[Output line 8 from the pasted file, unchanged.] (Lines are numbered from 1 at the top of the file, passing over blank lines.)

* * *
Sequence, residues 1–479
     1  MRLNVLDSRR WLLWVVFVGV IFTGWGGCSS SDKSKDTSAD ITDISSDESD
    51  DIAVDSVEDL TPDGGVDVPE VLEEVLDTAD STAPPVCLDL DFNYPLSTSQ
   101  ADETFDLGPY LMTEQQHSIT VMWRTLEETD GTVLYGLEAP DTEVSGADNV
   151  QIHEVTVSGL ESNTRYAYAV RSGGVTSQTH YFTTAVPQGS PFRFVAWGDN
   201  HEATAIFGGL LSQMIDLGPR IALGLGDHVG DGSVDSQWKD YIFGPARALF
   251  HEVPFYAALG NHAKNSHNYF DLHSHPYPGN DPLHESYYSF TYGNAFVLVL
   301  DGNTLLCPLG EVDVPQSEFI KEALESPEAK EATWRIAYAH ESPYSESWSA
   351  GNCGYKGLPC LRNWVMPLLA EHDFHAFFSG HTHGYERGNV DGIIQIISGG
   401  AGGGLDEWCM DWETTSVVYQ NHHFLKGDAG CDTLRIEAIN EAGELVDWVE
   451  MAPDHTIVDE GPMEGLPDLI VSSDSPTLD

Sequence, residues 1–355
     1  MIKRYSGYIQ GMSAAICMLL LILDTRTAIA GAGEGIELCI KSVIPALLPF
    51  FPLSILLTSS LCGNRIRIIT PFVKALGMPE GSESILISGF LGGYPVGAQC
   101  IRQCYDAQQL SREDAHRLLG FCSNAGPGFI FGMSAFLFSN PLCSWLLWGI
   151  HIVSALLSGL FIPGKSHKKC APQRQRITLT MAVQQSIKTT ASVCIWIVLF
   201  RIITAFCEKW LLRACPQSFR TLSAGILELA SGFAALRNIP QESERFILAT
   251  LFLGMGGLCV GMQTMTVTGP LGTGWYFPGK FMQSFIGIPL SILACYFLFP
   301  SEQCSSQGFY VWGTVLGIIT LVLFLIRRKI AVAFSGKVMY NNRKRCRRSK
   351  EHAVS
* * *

   301  DGNTLLCPLG EVDVPQSEFI KEALESPEAK EATWRIAYAH ESPYSESWSA